Pub owner says some companies have been ‘reckless’ with public health guidelines

Dermot McDonell of the Cross Guns pub in Castletown.

A MEATH publican and restaurateur denounced some of his colleagues who he said were “reckless of public health guidelines.”

“Our business has been significantly affected by the 8pm shutdown, but I don’t blame the decision makers, I blame some of my colleagues who have been reckless and reckless with the public health guidelines,” said Dermot McDonnell of the Cross Guns pub. in Castletown.

“Now we are all paying the price,” he said.

Mr McDonnell said business had been badly affected by the 8 p.m. shutdown implemented before Christmas.

“Anyone going out for dinner or even for a few drinks has to be here by six o’clock.”

“Only certain people can come this early. This is suitable for parents with young children, but for couples or groups of friends – that business is gone, ”he said.

“For two reservations, we had one cancellation.

“I wrote to the Vintners Association and expressed my feelings about the tax collectors being reckless and they recognized the problem.

“There are colleagues who have been reckless and reckless and we are all paying the price – and they would be the first to point the finger at the government.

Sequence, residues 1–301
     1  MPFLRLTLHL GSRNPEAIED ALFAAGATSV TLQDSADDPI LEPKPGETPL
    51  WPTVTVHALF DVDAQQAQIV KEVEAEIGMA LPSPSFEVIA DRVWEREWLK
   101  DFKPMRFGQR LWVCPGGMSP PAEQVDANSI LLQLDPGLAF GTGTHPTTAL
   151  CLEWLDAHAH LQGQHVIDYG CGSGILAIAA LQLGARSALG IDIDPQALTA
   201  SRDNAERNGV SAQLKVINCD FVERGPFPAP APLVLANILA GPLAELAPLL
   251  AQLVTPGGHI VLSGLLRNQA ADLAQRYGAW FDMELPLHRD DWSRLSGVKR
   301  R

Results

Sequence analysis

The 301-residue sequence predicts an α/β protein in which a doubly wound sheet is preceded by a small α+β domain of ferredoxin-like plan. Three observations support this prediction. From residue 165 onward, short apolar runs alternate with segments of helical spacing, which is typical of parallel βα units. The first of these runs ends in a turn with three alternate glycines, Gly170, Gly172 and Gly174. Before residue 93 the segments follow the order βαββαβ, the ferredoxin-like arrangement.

“I think the makers are with their backs to the wall and I think there will be a full lockout – maybe a breaker lockout,” he said.

Meanwhile, tax collectors across the country are predicting a gloomy January.

Caroline Kelly, director of Dolly Mitchell’s in Rossin, Slane said they were kept out over Christmas, but obviously weren’t as busy as usual.

“People don’t normally go out until around 8pm so I think it’s going to be a very difficult month of January and it will shut down a lot of businesses,” she warned.

Slane tax collector Wayne Harding warned that “the real carnage will happen in January.

“It will be a gloomy New Year. When government support wears off, I don’t know how many ads will survive.

“Government backers are paying staff right now. In January and February, if people are only in pubs during rush hour, the outlook is very bleak.

“Christmas business was reasonably good, but in addition to the early shutdown, we were touched by the public health message.

“People have restricted their social contacts and it has decimated the Christmas business,” he said.


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